Wakeboarding heads to nationals
A bloody head and cracked wakeboard are only small drawbacks the Baylor wakeboarding team has faced.
The club has become highly competitive at the national level in the past few years and has shown that Baylor has very talented wakeboarders, said Austin senior Reagan Strickland, the president of Baylor Wake.
“It was formed by a couple of guys and a couple of girls who just loved wakeboarding,” he said.
Baylor Wake has grown to 80 people since its beginnings in 2009.
“We are currently ranked third in the nation and are headed to nationals in April,” Strickland said.
San Antonio senior Dakota Park has been on the team since his freshman year and serves as the captain of Baylor Wake.
“My main jobs are making sure that the boat is working, competitions and being the face of the team,” Park said. “We’re going to try to host our first tournament here on the Brazos next semester, and I’m in charge of that.”
Baylor Wake competes in a series called the Empire Collegiate Wakeboarding Series since wakeboarding is not a Division one sport, Park said. The national championship is in April in Las Vegas and Baylor Wake has already qualified.
“We really want to win the whole thing this year,” he said.
Strickland said Baylor Wake has already beaten the reigning champions, Arizona State University, twice this semester. The team is excited about the outlook, he said.
At a competition, the judges score in four categories: style, technicality, amplitude and composition. Technicality is the difficulty of the trick, amplitude is how high the rider goes and composition is the combination of the tricks so they flow smoothly together, Strickland said.
Some of the tricks are: a whirly bird, which is a backflip with an overhead turn of 360 degrees; the tantrum, which is a backflip; the scarecrow mobe, which is a front flip with a turn of 360 degrees; and the raley, which looks like a “Superman” pose.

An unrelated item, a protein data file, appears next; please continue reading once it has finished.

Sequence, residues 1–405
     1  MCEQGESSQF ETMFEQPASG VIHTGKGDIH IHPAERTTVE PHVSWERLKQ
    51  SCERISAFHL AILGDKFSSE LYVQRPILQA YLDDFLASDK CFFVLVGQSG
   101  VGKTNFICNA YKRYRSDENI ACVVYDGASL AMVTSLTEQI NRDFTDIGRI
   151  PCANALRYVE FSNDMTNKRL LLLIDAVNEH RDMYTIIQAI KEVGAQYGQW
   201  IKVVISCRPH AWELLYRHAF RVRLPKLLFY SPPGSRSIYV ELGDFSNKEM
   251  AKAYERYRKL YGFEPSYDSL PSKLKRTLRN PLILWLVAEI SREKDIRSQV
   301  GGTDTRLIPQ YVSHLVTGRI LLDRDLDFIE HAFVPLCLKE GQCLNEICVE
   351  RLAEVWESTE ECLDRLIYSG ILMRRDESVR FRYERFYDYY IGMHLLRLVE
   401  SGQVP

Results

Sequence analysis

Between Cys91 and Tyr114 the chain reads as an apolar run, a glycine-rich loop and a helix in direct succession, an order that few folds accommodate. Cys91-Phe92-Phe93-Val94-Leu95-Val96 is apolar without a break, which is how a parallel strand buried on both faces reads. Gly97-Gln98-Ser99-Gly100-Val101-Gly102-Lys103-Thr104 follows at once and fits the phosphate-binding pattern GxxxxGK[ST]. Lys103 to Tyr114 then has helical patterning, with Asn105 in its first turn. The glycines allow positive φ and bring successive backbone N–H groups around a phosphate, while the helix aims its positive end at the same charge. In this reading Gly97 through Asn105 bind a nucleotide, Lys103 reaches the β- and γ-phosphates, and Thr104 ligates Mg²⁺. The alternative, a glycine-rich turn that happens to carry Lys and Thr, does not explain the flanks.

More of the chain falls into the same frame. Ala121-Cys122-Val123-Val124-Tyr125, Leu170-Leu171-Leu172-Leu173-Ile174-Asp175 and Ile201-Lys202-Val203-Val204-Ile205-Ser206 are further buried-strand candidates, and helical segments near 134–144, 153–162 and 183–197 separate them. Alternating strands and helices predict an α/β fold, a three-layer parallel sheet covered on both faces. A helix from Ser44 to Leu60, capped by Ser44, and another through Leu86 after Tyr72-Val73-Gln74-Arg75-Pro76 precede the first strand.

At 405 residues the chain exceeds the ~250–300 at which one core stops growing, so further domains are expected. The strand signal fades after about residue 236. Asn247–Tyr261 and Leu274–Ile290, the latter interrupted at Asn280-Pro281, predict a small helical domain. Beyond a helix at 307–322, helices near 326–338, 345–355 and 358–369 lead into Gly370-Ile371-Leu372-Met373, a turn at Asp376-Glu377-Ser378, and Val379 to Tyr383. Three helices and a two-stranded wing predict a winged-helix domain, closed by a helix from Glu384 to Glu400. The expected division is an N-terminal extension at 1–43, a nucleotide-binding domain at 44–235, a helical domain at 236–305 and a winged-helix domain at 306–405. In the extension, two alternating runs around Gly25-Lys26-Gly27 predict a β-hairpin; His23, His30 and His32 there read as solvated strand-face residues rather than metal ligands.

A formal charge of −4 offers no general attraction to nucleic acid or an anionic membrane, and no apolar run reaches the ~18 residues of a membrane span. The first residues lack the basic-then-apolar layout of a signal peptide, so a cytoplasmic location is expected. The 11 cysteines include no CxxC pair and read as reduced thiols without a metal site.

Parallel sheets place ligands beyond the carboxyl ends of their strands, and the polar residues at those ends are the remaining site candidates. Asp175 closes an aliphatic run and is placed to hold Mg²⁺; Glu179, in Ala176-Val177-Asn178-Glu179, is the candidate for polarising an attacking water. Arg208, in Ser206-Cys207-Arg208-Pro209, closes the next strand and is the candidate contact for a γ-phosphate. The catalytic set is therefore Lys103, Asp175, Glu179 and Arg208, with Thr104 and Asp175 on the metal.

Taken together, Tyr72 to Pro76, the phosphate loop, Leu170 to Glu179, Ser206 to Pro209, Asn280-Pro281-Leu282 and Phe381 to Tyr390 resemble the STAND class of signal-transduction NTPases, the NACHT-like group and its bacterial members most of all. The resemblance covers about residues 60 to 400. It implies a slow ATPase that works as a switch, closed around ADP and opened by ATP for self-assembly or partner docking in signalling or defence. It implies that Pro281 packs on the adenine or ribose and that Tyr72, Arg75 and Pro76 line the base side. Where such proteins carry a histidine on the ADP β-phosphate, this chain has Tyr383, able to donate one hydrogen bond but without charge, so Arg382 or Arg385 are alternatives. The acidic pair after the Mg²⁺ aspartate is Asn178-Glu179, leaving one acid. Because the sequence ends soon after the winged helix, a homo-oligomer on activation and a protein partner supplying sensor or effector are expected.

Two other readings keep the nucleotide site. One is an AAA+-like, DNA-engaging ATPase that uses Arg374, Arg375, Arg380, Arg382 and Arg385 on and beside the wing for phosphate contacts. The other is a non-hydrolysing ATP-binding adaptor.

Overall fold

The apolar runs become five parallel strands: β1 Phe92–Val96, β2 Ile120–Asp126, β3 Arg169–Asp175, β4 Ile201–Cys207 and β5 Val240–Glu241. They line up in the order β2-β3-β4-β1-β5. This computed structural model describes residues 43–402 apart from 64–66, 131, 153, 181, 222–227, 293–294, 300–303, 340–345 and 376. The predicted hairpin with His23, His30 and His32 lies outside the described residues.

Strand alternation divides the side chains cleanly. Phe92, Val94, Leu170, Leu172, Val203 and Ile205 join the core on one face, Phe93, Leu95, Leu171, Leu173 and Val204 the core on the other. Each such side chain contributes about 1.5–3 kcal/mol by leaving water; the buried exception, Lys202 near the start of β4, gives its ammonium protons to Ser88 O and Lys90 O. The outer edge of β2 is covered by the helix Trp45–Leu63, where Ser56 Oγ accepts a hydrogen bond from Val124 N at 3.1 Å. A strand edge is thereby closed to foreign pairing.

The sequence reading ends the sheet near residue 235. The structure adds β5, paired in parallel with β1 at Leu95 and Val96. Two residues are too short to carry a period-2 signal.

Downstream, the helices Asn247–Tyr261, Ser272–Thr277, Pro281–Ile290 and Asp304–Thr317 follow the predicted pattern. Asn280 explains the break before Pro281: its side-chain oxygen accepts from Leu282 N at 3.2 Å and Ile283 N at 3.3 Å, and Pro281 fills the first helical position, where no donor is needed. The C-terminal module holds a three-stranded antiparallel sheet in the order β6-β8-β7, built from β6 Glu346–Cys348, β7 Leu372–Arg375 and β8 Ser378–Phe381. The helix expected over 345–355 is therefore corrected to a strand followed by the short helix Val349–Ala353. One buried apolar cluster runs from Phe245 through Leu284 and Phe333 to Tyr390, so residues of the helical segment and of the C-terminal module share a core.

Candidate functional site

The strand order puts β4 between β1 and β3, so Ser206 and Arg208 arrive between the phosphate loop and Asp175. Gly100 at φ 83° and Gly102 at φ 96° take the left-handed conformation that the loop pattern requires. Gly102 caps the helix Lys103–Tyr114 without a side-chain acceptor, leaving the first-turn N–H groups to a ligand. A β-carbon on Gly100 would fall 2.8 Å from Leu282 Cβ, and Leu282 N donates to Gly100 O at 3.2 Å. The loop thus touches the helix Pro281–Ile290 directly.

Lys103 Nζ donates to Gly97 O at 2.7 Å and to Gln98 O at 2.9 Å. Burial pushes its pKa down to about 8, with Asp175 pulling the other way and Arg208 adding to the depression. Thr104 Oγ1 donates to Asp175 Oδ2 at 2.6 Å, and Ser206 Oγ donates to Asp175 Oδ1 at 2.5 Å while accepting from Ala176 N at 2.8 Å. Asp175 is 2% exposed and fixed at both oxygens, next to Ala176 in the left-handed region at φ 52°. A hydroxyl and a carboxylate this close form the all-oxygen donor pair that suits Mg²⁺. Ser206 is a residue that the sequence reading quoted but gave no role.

“Sometimes, you just have a knack for it, and then sometimes, it comes with hard work,” Strickland said. “It comes a lot from trial and error.”
On Monday afternoon, the competitive group, that includes four of the 80 members, went out on the Brazos River to practice. The individuals wore wetsuits to protect themselves from the cold temperature of the water.
Riders encouraged their teammates and cheered when they landed a hard trick. No rider completed the ride without busting it at least once. This is how they learn the best, Strickland said.
It’s not always fun and games. When New Iberia, La., junior Tori Broussard fell after a trick and cut her scalp, she wondered if she had a concussion. This occurred by an action that the team called a “scorpion,” when the board whips up after a fall and hits the rider’s head.
However, Broussard continued to stay on the boat and participate and seemed unconcerned while she held a rag to her scalp to stop the bleeding.
Highland Village sophomore Cameron Budd wowed the team with his landing of the “tootsie roll,” which is a very difficult trick that involves a front flip with a backside turn of 180 degrees.
Strickland said that he encourages Baylor students to sign up for Baylor Wake. Students can sign up for a tryout when the team is on campus for Late Night or other recruitment events. Students of all skills and abilities can be involved, he said.
“We have people that just learned how to wakeboard and that goes all the way to people who are doing flips and spins at the same time,” he said.
The dues are $200 per semester or $350 for the whole year. The team goes out every weekday from 2 to 7 p.m. if weather permits.
“The team helps you get better and helps you learn,” Strickland said. “Anybody can do it.”